North Carolina v. Alford

PETITIONER: North Carolina
RESPONDENT: Henry C. Alford
LOCATION: Superior Court of Forsythe County

DOCKET NO.: 14
DECIDED BY: Burger Court (1970-1971)
LOWER COURT: United States Court of Appeals for the Fourth Circuit

CITATION: 400 US 25 (1970)
ARGUED: Nov 17, 1969
REARGUED: Oct 14, 1970
DECIDED: Nov 23, 1970
GRANTED: Apr 07, 1969

ADVOCATES:
Doris R. Bray - for the appellee
Jacob L. Safron - for the appellant

Facts of the case

North Carolina charged Henry Alford with first-degree murder. That charge carried a possible sentence of life imprisonment or the death penalty. Alford agreed to plead guilty in exchange for a second-degree murder conviction. When Alford took the stand, he testified that he was innocent and pled guilty to avoid the death penalty. The judge ensured that Alford made his decision freely after consulting counsel. Alford maintained his guilty plea, and after receiving evidence of Alford’s extensive criminal history, the judge sentenced Alford to the maximum 30-year sentence.

After unsuccessfully attempting to obtain post-conviction relief, Alford petitioned for a writ of habeas corpus. The U.S. District Court for the Middle District of North Carolina denied relief on the grounds that Alford’s guilty plea was entirely voluntary. The U.S. Court of Appeals for the Fourth Circuit reversed, holding that the plea was involuntary because its primary motivation was the fear of death.

Question

Is a guilty plea invalid where the defendant maintains his innocence and testifies that the plea is only to avoid the death penalty?

Media for North Carolina v. Alford

Audio Transcription for Oral Argument - November 17, 1969 in North Carolina v. Alford

Warren E. Burger:

Number 15, North Carolina against Alford.

Mr. Safron, you may proceed whenever you’re ready.

Jacob L. Safron:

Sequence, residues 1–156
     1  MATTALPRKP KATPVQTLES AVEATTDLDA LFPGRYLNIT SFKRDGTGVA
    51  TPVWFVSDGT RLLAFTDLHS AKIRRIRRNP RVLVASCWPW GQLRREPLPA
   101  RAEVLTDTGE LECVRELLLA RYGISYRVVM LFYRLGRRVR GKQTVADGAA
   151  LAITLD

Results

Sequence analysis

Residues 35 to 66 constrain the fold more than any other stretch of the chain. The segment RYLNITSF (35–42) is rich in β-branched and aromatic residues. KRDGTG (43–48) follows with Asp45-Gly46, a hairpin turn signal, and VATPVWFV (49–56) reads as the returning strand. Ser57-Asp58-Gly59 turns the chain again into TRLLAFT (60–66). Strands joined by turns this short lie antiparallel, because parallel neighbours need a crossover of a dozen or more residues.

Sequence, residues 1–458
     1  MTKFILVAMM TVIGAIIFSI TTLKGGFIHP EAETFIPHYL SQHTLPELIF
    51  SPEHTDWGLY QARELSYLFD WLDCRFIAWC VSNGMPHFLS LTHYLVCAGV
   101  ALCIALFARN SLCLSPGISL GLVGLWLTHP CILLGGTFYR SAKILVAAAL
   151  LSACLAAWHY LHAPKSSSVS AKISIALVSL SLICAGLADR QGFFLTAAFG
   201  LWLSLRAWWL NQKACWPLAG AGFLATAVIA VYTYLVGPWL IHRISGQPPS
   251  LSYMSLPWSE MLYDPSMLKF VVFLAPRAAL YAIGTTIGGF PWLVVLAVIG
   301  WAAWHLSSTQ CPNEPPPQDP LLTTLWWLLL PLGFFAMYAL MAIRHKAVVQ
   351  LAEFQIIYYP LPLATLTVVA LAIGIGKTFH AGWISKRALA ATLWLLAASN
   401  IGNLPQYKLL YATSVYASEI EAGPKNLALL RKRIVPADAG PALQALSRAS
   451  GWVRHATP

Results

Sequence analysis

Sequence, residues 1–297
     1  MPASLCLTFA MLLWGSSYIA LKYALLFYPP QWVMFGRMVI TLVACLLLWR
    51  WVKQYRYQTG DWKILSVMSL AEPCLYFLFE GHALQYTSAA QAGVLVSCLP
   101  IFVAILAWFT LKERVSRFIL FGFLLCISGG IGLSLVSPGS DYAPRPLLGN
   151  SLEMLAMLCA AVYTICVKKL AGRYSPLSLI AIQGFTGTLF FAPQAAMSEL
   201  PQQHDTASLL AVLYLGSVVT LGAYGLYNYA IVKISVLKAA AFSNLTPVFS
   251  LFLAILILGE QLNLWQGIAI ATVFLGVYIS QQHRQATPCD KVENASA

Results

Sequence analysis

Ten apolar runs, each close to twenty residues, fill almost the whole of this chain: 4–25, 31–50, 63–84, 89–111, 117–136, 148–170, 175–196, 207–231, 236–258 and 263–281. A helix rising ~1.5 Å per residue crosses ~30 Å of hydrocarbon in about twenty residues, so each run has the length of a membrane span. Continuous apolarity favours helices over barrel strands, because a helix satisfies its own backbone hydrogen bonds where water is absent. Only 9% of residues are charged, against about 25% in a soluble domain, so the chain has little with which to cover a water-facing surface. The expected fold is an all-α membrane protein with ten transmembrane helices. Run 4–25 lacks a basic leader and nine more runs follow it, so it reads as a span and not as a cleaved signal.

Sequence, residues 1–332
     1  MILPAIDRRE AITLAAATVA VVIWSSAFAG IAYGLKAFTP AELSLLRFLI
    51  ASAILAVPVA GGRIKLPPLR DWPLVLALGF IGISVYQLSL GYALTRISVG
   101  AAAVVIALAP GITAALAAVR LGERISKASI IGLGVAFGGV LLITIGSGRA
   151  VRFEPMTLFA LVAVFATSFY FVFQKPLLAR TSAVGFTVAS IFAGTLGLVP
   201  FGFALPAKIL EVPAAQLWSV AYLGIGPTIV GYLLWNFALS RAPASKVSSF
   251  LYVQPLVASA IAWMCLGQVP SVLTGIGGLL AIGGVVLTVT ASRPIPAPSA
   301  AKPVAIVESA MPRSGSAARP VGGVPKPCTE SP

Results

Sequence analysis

Mr. Chief Justice, may it please the Court.

This matter is before this Court upon direct appeal on the United States Court of Appeals for the Fourth Circuit on the opinion of that court from the divided opinion.

Chief Justice Haynesworth dissenting holding that statutory scheme for the imposition of capital punishment in North Carolina in light of the opinion of this Court in United States v. Jackson is unconstitutional.

Therefore, the issue before this Court today is the import and impact of the Jackson opinion upon the laws of the State of North Carolina, the laws of our sister states and of the federal judiciary.

On the evening of November 22, 1963, Nathaniel Young, a Negro gentleman who operated a house that could best be described as a party house in the City of Winston-Salem, North Carolina opened -- responded to a knock at the door, opened the door slightly and was cut down by a shotgun blast.

Earlier that evening, petitioner or actually the appellee in this case Henry C. Alford, had come to that house.

Henry Alford also is Negro.

He had been accompanied by a white girl.

They purchased several drinks of liquor by the drink which under North Carolina Prohibition Board -- Prohibition Laws is not legal.

And then Henry Alford gave Nathaniel Young his last dollar to rent a room in that house.

Alford was accompanied by his girlfriend into that room and after several minutes, they left because Henry Alford no longer had any money.

He demanded that this young lady leave with him.

Daniel Young, the proprietor of this house said, “She could stay here if she wishes.”

An argument ensued and Henry Alford run off with the lady’s coat being chased by Nathaniel Young and someone else.

Approximately, 15 to 20 minutes later, there was a knock at the door and Nathaniel Young was cut down by a shotgun blast.

Alford was indicted by the grand jury of the White County Superior court for murder in the first degree.

Counsel was appointed. Counsel thoroughly investigated the case.

Counsel contacted every witness named to him by Henry Alford except one by name of Jack who cannot be found.

In each case, the testimony of Alford’s purported witnesses was contrary to Alford’s allegations as to their testimony.

Upon the call of the case, Alford through counsel entered a plea of guilty to murder in the second degree which under North Carolina Law carries a maximum punishment of 30 years imprisonment.

He did not plead guilty to the capital offense which under the law been in state would have carried a life sentence.

He pled guilty to second-degree murder.

The State then placed on the stand.

The detective E. I. Weatherman --

Let me get that right statement.

Do you say the first-degree murder carried on a life sentence?

Jacob L. Safron:

Upon a plea of guilty.

Oh, upon a plea of guilty.